Linguistics Vanguard is a channel for high-quality articles and  innovative approaches in all major fields of linguistics. This  multimodal journal is published solely online and provides an  accessible platform supporting both traditional and new kinds of  publications. Linguistics Vanguard seeks to publish concise and  up-to-date reports on the state of the art in linguistics as well as  cutting-edge research papers. With its topical breadth of coverage and  anticipated quick rate of production, it is one of the leading  platforms for scientific exchange in linguistics. Full peer review  assures quality and enables authors to receive appropriate credit for  their work. Its broad theoretical range, international scope, and  diversity of article formats engage students and scholars alike.

The inaugural articles are now freely available at  http://www.degruyter.com/printahead/j/lingvan.

We are now soliciting new articles for the journal.
All topics within linguistics are welcome. Linguistics Vanguard  especially encourages submissions taking advantage of its new  multimodal platform designed to integrate interactive content,  including audio and video, images, maps, software code, raw data, and  any other media that enhances the traditional written word. The target  length for contributions is 3,000-4,000 words (plus references and  ancillary material).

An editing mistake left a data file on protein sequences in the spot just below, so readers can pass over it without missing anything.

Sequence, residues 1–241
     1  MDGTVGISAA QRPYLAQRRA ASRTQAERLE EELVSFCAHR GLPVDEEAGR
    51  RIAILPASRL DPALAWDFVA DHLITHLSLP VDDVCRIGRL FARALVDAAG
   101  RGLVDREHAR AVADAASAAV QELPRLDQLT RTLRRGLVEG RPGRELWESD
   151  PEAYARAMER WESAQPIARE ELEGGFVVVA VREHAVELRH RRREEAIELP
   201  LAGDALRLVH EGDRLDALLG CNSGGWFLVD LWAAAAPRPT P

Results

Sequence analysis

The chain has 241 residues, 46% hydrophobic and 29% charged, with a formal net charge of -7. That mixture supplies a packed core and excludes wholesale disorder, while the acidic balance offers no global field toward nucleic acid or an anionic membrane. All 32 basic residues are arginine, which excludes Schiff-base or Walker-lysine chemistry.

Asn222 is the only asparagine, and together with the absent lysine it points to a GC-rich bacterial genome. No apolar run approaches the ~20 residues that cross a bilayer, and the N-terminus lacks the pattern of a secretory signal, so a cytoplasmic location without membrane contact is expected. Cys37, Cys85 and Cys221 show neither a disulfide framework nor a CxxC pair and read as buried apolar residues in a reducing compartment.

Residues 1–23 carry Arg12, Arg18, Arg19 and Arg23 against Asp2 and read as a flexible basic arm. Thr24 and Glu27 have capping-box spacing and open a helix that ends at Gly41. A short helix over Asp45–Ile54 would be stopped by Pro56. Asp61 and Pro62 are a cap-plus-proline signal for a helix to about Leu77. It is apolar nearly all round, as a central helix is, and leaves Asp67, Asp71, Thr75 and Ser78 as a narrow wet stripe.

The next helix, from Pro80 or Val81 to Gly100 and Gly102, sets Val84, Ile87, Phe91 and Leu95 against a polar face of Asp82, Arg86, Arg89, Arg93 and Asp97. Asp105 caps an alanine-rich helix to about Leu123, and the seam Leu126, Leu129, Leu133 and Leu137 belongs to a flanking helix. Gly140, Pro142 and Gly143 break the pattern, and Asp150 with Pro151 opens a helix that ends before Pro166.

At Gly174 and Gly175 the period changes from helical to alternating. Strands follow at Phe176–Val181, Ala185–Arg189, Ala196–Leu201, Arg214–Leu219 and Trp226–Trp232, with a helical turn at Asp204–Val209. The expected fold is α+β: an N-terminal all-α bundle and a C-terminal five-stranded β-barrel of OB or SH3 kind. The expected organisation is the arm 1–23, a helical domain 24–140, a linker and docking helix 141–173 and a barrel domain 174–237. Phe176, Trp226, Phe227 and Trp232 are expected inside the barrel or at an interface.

Potential contributions can be submitted via the ScholarOne system at  https://mc.manuscriptcentral.com/lingvan.

See also De Gruyter Mouton's style sheet  (http://www.degruyter.com/staticfiles/pdfs/mouton_journal_stylesheet.pdf).

Questions about possible submissions or other questions about  Linguistics Vanguard can be addressed to the Editors-in-Chief or Area  Editors at Linguistics.Vanguard

Description:  http://linguistlist.org/images/address-marker.gifdegruyter.com


Alexander Bergs (Osnabrück University, Germany)

Abigail C. Cohn (Cornell University, Ithaca, NY, USA)

Jeff Good (University at Buffalo, NY, USA)

Area Editors

Julie Boland (University of Michigan, USA)

Oliver Bond (University of Surrey, UK)

Christine Dimroth (Universität Münster, Germany)

Martin Hilpert (University of Neuchatel, Switzerland)

Thomas Hoffmann (Osnabrück University, Germany)

Gary Holton (University of Alaska, Fairbanks, USA)

Guillaume Jacque (CRLAO, CNRS Paris, France)

Shigetu Kawahara (University of Keio, Japan)

Erez Levon (Queen Mary, University of London, UK)

Caterina Mauri (Pavia University, Italy)

Bhuvana Narasimhan (University of Colorado, USA)

Fey Parrill (Case Western Reserve University, USA)

Eric Potsdam (University of Florida, USA)

Niels Schiller (Leiden University, The Netherlands)

Jason Shaw (University of Western Sydney, Australia)

Evelyne Tzoukermann (MITRE, USA)

Suzanne Wagner (Michigan State University, USA)

Michael Weiss (Cornell University, USA)

Jochen Zeller (University of KwaZulu-Natal, South Africa)

Studies in Chinese Linguistics

STUDIES IN CHINESE LINGUISTICS (SCL), an international academic journal edited by T.T. Ng Chinese Language Research Centre (CLRC) of the Institute of Chinese Studies at The Chinese University of Hong Kong, will be published and distributed by De Gruyter Open starting from 2015.